Let’s go back to the marriage records. The FamilySearch.org Georgia marriage collection included nine entries—although several duplicates were included—that fit my search parameters. The trouble was, once I moved beyond the Oglethorpe County records I was seeking for Taliaferro weddings, comparing the details with those in the published genealogies brought more frustration than resolution.

Perhaps I just need to remind myself that, from our computerized vantage point, we have instantaneous access to more records than the average researcher in the early 1900s could ever hope to have.

Perhaps I can set the record straight on some of these lines.

Perhaps, though, I need to tread carefully and not assume I’m just setting things straight. Even government documents have been known to contain errors—not to mention their transcriptions.

And so I went, carefully treading through the text of four different publications, toggling back and forth between the open tabs on my computer, seeing which author said Person A married Person B when another author insisted it was really Person C. For now, I’m banking on the government documents being the voice of authority—but I’ll sure be open to the possibility that it was otherwise. I’ll take time after going through this mind-numbing process to run the names through newspaper archives and other resources to see if I can find any further mention confirming correct names and identities.

I have to remind myself of my underlying purpose for all this. Sometimes, when we get mired in the overwhelming details of the search, we need to cling to that all-important purpose. It’s the anchor that lets us hold firm to our resolve, no matter how much we might want to give it all up.

In the case of this Taliaferro chase, I’m seeking the identity of my third great grandmother and her kin for two reasons:
·       First, to break through the brick wall ancestor that may help me connect with my mystery cousin—and adoptee—with whom I share exact mtDNA results
·       Second, to fill in as many blanks as possible to give me the genealogical road map to navigate through all my autosomal DNA matches I’ve received since testing last December.

In the meantime, I’ll continue the search under cover. No need to dread countless posts recounting endless details. You know how I’ve compared watching genealogical research unfold with witnessing sausage-making. Neither does genealogy lend itself well to becoming a spectator sport. But if I stumble upon something interesting or exciting, you can be sure I’ll bring it up.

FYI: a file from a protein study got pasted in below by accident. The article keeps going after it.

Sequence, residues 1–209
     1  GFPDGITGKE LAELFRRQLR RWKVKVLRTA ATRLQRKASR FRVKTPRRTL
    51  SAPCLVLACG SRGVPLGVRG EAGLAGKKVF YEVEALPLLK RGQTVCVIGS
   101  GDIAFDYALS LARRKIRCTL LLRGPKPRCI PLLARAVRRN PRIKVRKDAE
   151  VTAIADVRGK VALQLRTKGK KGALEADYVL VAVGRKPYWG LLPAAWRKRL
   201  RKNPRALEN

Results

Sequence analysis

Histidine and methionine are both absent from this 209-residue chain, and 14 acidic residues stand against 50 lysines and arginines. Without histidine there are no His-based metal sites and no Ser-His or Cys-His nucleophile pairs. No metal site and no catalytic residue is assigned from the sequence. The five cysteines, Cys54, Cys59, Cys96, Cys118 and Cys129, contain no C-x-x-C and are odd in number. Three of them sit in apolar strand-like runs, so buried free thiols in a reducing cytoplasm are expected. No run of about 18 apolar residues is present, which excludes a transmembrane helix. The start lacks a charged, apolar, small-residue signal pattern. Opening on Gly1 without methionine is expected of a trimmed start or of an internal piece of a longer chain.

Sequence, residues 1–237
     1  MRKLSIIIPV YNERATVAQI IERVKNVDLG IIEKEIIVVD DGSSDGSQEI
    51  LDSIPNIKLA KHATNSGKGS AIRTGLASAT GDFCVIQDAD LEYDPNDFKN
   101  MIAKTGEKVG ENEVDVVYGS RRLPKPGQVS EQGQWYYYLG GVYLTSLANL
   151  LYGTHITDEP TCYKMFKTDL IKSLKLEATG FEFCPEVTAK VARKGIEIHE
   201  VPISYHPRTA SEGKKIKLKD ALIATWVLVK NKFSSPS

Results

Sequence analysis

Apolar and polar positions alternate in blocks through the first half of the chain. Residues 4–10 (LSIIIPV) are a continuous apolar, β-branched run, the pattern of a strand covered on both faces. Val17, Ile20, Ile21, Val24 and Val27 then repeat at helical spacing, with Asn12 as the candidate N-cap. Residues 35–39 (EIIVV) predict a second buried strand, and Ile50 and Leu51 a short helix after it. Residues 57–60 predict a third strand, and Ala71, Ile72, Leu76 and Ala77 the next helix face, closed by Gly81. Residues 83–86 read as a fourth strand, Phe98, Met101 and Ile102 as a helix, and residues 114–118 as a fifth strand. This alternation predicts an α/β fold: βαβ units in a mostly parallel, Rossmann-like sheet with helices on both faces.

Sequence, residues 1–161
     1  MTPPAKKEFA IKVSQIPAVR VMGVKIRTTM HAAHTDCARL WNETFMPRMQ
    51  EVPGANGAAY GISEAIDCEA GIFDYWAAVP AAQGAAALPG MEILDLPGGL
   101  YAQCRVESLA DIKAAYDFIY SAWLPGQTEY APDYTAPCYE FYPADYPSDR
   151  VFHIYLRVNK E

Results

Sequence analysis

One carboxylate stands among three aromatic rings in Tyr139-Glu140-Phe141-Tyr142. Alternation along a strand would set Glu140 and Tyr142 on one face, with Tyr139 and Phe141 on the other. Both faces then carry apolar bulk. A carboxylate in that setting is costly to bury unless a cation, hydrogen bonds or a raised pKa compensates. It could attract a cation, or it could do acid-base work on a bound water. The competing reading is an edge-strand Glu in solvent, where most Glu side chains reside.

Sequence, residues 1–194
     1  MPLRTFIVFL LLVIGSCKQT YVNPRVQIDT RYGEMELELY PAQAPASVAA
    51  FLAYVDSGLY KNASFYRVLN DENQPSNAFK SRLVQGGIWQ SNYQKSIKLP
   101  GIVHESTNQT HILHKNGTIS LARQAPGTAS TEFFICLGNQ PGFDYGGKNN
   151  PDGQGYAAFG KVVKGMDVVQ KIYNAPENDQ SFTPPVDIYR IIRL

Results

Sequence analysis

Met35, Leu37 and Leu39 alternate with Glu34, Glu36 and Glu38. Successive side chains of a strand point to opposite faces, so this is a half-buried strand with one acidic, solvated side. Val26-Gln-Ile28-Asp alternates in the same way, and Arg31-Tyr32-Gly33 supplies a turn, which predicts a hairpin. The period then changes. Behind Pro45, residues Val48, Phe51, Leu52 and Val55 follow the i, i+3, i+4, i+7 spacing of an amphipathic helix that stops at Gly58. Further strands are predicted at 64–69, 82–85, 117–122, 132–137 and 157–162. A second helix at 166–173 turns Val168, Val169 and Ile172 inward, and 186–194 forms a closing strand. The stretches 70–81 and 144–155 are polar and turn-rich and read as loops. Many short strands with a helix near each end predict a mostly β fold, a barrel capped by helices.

Sunday, January 25, 2015

Uh-Oh…


Perhaps it was with a certain smug satisfaction that I concluded yesterday’s post—a little too prematurely. Yes, I discovered a record showing Thomas F. Rainey marrying someone named Mary E. Talafero in Oglethorpe County, Georgia. And yes, I’ve seen indications that that same Mary Taliaferro might have been sister to Charles Boutwell Taliaferro—the man who took in two of her unmarried children after her passing. But to find a Mary and Charles who are children of the same Georgia Taliaferro family? Well, that’s the catch.

There is more work to be done. Apparently, that is what the old reports are telling me.

Or, perhaps genealogies published by brick and mortar establishments of bygone years are no more infallible than are e-genealogies shared online today.

Let’s take a look at what can be found on those hallowed pages of another century's researchers.

The first task, logically, would be to seek the parents' names of siblings Mary E. and Charles Boutwell Taliaferro. A number of researchers have assumed a specific Taliaferro parent, but now that I’m trying to plug these two descendants into the larger Taliaferro picture, I’m not so sure.

We can assume, given Charles’ middle name of Boutwell, that he descends from a woman whose maiden name was that same Boutwell—and that we have in the person of the wife of Zachariah Taliaferro (1730 – 1811), named Mary. Given that date range, though, it is more likely that Mary Boutwell Taliaferro would be Charles’ grandmother, not mother. A number of researchers hold the father to be one of Zachariah’s and Mary’s sons, who went by either the name Warren or Warner. I’ve seen both versions—and frankly, looking at the handwriting in some census records, I can see how there could be confusion.

Just to surmount the current distress, let’s assume Charles’ father was Warren/Warner, son of Zachariah and Mary. That would not be too far fetched an assumption. Remember, the cemetery where Charles’ sister Mary was buried was a family burial grounds. If you took a peek at the link I shared yesterday, listing the names of all who were buried at that Johnson Cemetery in Coweta County, Georgia, you’d recognize a resonance in the name of Charles' sister Mary's son, also buried in their plot: Warren Taliaferro Rainey. Who do you suppose that child of Thomas F. and Mary Taliaferro Rainey might have been named after?